“I am the ill intent”: Wilson Fisk, Daredevil, Privatio Boni, and the Right Ordering of Our Desires

David Russell Mosley

Ordinary Time
7 September 2015
The Edge of Elfland
Hudson, New Hampshire

Dear Friends and Family,

“I am the ill intent.” So says Wilson Fisk in the season finalé of Marvel’s Daredevil. I’ve finally finished watching this magnificent show. It is perhaps one of the most Catholic shows I’ve seen. It follows the attempts of Matthew Murdock, Daredevil, a Roman Catholic son of a boxer born and raised in Hell’s Kitchen and of Wilson Fisk as each man tries to save the city of Hell’s Kitchen. Murdock gains superhuman sensory abilities when he is blinded by chemicals as a child in a car accident. Using his gifts, the now grown Murdock seeks to bring justice to Hell’s Kitchen, both as a lawyer for the underprivileged (Catholic Social Teaching anyone?) and as a man in the mask fighting those who slip through the legal system’s fingers. He has only one rule, he doesn’t kill. His main foe, for sometime unseen and unknown, is Wilson Fisk. Fisk is a giant of a man with immeasurable strength and wealth. He was also born and mostly raised in Hell’s Kitchen and sees himself as its savior.

In the season finalé, a captured Fisk begins relating the story of the Good Samaritan. You can watch it here:

Fisk, up to this point, has seen himself as the Samaritan, the good man who saves the dying traveler. Now, however, he realizes he is the ill content, the ones who set upon the traveler and leave him for dead. He realizes that what he truly wants is not to save the city, but to destroy it so he can remake it in his own image. Fisk, in many ways, epitomizes the Augustinian notion of evil as the privatio boni, the privation of the good. For Augustine, as well as for many of the Church Fathers, evil has not being, not really. Evil is instead a privation or perversion of the good. So nothing can be totally evil. Evil is always found by wrongly pursuing some good. Fisk wants to “save” Hell’s Kitchen. This is a good and noble desire. It’s a desire he shares with Daredevil. But he pursues it wrongly. He pursues it by killing, exhorting, racketeering, and other unseemly means. His desire is perverted, not in the sexual sense, but in the sense that it is misaligned.

Now, it’s important to note that Murdock’s desires are not perfect and neither is he. Nevertheless, the way he desires to save the city is through ennobling its citizens, by removing the cancerous cells, like Fisk, though not by killing them but turning them over to the authorities (and occasionally putting them in the hospital first). Murdock’s primary and most consistent confidant for most of the show is his priest. He turns to him for guidance, especially when his desire to kill Fisk is at its strongest. Through the ministrations of the sacrament of confession (which admittedly is never shown to include absolution), Murdock is able to overcome his bad desires, his vices. But it isn’t enough to abstain from sin, one must turn to virtue. So Murdock goes from being the man in the mask or the devil of Hell’s Kitchen and becomes Daredevil. A symbol of fear to the criminal element in Hell’s Kitchen and of hope to the marginalised. He hasn’t yet moved from anger to charity, not toward his enemies, unless not killing them can be seen as a kind of charity, but he is on the right path. Murdock is on the path of well-ordered desires and according to Augustine, this path ends in the Beatific Vision.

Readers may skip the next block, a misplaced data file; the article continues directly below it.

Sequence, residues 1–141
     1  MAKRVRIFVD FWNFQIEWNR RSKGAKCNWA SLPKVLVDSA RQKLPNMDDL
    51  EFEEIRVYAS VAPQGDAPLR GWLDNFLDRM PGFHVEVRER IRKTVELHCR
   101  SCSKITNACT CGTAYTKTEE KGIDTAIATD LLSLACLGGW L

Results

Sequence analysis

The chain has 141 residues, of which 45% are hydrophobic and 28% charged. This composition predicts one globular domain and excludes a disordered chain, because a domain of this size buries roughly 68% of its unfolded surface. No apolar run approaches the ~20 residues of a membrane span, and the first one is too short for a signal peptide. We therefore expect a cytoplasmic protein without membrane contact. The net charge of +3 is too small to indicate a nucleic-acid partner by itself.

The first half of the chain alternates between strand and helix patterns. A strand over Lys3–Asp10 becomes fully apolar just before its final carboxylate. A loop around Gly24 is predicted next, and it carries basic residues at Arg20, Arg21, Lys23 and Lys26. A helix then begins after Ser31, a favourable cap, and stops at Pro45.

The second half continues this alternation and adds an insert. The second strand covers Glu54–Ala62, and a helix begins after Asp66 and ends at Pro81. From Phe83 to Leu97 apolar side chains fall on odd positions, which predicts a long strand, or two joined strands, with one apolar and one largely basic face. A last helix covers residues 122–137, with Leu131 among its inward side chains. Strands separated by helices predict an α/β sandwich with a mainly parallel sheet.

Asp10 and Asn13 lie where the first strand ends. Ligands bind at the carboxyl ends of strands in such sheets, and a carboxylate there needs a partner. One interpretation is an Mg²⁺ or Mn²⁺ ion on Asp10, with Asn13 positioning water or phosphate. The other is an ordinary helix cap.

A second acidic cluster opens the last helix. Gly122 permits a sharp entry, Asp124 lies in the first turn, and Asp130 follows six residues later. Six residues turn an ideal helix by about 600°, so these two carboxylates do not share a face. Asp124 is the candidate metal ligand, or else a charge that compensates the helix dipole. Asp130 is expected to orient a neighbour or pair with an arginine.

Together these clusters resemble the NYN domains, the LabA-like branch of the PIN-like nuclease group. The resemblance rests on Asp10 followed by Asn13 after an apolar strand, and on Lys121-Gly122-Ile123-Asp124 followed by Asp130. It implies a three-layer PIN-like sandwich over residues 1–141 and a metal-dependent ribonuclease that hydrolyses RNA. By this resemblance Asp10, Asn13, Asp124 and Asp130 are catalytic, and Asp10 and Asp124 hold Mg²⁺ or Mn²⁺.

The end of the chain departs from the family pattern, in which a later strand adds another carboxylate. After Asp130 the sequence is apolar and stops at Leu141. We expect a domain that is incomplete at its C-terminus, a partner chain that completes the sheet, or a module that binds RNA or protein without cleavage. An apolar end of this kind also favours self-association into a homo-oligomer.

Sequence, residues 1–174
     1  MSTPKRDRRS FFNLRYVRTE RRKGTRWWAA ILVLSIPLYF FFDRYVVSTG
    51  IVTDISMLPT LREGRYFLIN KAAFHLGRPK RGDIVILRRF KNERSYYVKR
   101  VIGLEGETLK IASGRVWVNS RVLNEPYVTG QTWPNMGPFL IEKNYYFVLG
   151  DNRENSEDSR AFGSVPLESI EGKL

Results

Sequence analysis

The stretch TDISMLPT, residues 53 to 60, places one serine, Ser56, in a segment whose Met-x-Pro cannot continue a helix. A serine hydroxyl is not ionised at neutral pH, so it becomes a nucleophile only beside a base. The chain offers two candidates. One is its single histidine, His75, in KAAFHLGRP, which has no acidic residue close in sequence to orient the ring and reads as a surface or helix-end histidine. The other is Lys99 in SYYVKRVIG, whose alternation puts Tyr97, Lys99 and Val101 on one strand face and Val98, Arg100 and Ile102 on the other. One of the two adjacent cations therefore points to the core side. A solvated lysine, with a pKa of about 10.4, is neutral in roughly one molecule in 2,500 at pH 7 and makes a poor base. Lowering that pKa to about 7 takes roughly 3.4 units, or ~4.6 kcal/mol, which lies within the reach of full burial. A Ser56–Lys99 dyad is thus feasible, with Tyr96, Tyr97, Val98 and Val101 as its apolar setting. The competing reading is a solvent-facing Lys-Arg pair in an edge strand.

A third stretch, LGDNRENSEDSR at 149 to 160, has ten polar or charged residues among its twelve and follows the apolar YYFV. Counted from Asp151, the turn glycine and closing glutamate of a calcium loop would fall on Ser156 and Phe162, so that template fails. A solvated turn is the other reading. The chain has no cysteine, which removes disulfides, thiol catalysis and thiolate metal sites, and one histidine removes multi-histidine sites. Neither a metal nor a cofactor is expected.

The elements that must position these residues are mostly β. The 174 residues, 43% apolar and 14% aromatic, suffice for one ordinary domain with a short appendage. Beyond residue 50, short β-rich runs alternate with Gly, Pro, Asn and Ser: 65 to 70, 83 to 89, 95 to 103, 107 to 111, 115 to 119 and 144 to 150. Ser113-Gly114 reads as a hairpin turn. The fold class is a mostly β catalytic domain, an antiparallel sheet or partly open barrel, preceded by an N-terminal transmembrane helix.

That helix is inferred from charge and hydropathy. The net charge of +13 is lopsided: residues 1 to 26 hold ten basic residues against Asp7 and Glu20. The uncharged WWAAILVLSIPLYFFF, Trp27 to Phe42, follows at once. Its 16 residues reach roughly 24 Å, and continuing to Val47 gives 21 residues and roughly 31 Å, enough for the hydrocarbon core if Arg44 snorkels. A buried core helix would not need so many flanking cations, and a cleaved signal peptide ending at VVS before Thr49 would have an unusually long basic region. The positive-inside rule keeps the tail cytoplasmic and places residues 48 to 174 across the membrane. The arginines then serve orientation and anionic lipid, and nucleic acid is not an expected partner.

Sincerely,
David

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The Christmas List: Training in Covetousness or the Training of Desires?

David Russell Mosley

5661150

Advent
10 December 2014
The Edge of Elfland
Hudson, New Hampshire

Dear Friends and Family,

Last year I wrote a post responding to a new professor at my alma mater on Father Christmas. The problem, according to Dr Samples, is that Father Christmas/Santa Claus has become a source for perpetuating economic disparities. As I noted in the post, a friend of mine once told me that she discovered Santa wasn’t real because the rich(er) kids down the road got more and more expensive presents than she did. Recently, a new friend of mine, writing an excellent series of posts concerning the United States’s unnamed god, Affluence. He suggests that by training our children to write Christmas lists is to train them in the worship of affluence by teaching them to covet, to desire things they don’t have but want to have. However, I think the Christmas list and the presents brought by Father Christmas do not have to be trainers in covetousness nor perpetuations of economic disparity.

Now, first let me say that nothing will stop some parents from lavishing their children with presents at Christmas time. I was spoiled as a child, all the time, not simply at Christmas. However, I was trained not to brag about my presents because not everyone could get the same things I did. This actually taught me to share, but this is besides the point. If we cannot permanently change how our given neighbourhood parents “do” Christmas, as regards presents, we can change how we and our churches do it. Let me suggest at least one way.

A professor of mine talks about training his children’s desires. He will ask them what they want (desire) for dinner. They might say chips (fries), or candy, or fast food. He will then tell them that instead of any of those things they are having baked fish (or whatever has been made for dinner). The point is to teach them what they ought to desire. By allowing them to voice what they really do desire, but not give it to them, he is helping them learn what they ought to desire versus what they do desire in a given instance. I’m sure this ends in meltdowns and tears often. I’m equally sure that some nights he gives in. But the point is to try, to try to change their desires from low things, that can be good at times, to higher things that are much better. When we allow our children to make Christmas lists that they send to Father Christmas, we’re allowing them to voice their desires. Yet we are not bound to get anything on those lists. Some items may be intangibles, I frequently asked for snow. Others may be well outside of the parents’ price range. J. R. R. Tolkien used to write letters from Father Christmas to his children. While as the stories grew so did the Father Christmas mythology, equally, most of the letters are a way of explaining why the children didn’t get everything on their lists; typically, this is because of some catastrophe that happened at the North Pole. I think we can take this a step further.